President Obama on Monday will renew his call for the United States to lead the world in college graduation rates by 2020, an ambitious goal that senior administration officials say will require 60 percent of all young Americans to possess a college degree, up from 40 percent today.
The United States gave up its spot as the world leader in college graduation rates about 10 years ago, as students in countries like South Korea, Canada and Russia began to surpass their American counterparts. Now the United States ranks 12th among 36 developed nations; a report by the College Board last month warned that the gap threatens to undermine American competitiveness.
Mr. Obama, who shares that view, used his State of the Union address in January to call for the United States to resume its spot as the world leader in graduation rates. He will travel to Austin, Texas, on Monday to reiterate his education plan in a speech at the University of Texas there.
“We’re flatlined, where other countries have passed us by,” Education Secretary Arne Duncan said Sunday, during a conference call with reporters to preview the president’s remarks. Mr.Duncan called the 2010 goal “the North Star for all our educational efforts.”
Mr. Obama’s trip to Texas will pair policy with politics; before delivering his education speech, he will headline a fundraiser for the Democratic National Committee in Austin. After the speech, he will make a quick trip to Dallas to raise money for Democratic Senate candidates.
And the speech itself will have a political edge; advisers to Mr. Obama say he will use it to remind Americans that, with just a few exceptions, Republicans voted overwhelmingly against legislation adopted by Congress earlier this year to revamp the student loan program by eliminating fees paid to banks that act as middlemen. The measure, which also included a major expansion of the federal Pell Grant program, was a central component of the president’s education platform. But it was included in the health care overhaul, which Republicans vehemently opposed.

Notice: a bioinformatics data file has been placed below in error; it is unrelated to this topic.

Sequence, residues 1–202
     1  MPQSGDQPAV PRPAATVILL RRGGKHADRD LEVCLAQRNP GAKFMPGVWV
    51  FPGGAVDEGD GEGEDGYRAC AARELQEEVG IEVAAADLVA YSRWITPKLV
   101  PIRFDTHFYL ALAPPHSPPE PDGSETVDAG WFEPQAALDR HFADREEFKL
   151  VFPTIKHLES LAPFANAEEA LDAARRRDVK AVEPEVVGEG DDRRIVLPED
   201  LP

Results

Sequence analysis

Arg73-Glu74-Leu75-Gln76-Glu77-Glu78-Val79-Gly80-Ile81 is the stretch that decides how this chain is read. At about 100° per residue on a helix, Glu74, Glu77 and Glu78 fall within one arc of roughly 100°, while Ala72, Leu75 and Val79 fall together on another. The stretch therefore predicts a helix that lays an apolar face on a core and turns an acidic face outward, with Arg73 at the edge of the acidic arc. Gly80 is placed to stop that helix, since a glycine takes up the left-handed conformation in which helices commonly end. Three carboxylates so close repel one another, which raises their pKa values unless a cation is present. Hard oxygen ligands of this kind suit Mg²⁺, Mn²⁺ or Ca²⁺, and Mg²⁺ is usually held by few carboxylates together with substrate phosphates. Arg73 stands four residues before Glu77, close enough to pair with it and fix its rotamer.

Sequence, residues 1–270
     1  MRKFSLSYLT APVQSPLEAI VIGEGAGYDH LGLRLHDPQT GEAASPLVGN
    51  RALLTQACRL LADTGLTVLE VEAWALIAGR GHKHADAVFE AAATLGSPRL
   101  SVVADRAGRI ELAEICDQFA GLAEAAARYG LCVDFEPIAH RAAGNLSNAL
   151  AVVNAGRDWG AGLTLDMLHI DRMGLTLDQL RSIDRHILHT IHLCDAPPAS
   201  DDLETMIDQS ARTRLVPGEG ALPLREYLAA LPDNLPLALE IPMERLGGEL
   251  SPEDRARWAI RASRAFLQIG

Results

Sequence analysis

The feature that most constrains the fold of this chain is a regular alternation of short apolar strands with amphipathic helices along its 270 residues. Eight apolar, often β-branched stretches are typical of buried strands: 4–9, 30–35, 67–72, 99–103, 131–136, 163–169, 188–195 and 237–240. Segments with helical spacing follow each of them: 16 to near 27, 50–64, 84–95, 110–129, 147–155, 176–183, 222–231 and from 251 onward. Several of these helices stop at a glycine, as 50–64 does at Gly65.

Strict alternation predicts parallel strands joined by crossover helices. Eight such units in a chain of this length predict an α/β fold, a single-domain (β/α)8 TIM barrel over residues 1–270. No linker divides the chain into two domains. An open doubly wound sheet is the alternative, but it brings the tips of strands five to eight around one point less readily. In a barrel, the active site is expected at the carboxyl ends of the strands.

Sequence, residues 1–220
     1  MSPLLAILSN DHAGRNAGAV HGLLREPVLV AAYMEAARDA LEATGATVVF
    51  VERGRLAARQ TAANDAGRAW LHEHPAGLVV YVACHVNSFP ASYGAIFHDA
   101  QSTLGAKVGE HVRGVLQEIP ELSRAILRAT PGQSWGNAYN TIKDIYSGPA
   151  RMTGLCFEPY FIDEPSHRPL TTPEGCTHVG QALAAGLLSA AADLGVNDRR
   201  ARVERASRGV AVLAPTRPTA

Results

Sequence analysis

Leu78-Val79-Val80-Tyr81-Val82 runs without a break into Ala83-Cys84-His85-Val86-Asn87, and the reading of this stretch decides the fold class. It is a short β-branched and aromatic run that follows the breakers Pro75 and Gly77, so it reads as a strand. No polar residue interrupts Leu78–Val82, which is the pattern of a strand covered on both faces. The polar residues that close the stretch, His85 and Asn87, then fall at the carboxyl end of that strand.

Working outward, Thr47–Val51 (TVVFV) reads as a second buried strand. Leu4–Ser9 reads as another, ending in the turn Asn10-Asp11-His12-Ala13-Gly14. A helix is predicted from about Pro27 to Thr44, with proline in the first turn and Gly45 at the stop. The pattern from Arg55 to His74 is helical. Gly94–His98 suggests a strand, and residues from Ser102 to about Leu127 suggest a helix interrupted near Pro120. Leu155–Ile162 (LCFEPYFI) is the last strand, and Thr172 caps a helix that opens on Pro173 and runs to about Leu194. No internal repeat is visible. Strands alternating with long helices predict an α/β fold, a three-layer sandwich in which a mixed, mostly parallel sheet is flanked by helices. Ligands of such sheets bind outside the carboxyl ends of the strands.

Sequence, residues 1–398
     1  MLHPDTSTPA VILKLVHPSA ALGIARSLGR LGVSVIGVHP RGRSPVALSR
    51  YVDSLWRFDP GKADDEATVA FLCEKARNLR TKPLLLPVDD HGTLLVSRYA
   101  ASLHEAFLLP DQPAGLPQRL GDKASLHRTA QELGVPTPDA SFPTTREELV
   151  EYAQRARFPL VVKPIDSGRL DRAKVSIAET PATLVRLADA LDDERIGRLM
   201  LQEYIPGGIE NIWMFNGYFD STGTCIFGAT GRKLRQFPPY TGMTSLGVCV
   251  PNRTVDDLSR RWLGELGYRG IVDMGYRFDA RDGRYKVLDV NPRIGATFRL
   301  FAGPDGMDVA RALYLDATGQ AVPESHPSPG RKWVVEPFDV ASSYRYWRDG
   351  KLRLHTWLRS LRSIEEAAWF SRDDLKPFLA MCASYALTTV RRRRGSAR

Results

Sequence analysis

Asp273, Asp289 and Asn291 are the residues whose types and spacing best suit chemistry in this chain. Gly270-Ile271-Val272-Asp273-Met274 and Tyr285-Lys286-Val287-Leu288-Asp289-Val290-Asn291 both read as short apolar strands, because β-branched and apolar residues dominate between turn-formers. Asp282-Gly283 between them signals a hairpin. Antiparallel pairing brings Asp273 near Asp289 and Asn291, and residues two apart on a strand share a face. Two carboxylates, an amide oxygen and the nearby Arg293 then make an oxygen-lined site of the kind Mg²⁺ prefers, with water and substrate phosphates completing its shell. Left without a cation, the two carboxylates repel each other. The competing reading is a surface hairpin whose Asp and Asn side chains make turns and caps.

Mr. Obama has made reforming the nation’s education system one of the four pillars of what he calls the ‘’new foundation” for economic recovery (the others are health care reform, energy reform and financial regulatory reform). But after a year in which he has devoted himself intensively to health legislation and the financial regulatory bill, education has received scant attention.
With the midterm election season well underway, Mr. Obama will use his Austin speech to tout what he views as the progress he has made in education, including the student loan legislation, approved by Congress in March as a companion bill to the health care overhaul.
By cutting banks out of the federal student lending program, the law is saving taxpayers more than $60 billion over 10 years, administration officials say. The bill set automatic annual increases in the maximum Pell Grant; Mr. Duncan said more than eight million college students will receive the grants this year, an increase of about 1 million from when Mr. Obama took office.
While close to 70 percent of high school graduates in the United States enroll in college within two years, just 57 percent graduate within six years. Currently, about 16.7 million Americans age 25 to 34 possess college degrees, but the administration calculates that for the United States to resume its place as the world leader in college graduation rates, the nation will have to provide a way for 11 million more young people to enter and complete college by the end of the decade.
If current population trends hold, an estimated 3 million more young adults will graduate during the next 10 years. But that leaves a gap of eight million students. Mr. Obama will argue that closing this gap is critical to creating the kind of educated workforce that will be necessary to create and sustain economic growth over the long term.
“We have to educate our way to a better economy,” Mr. Duncan said.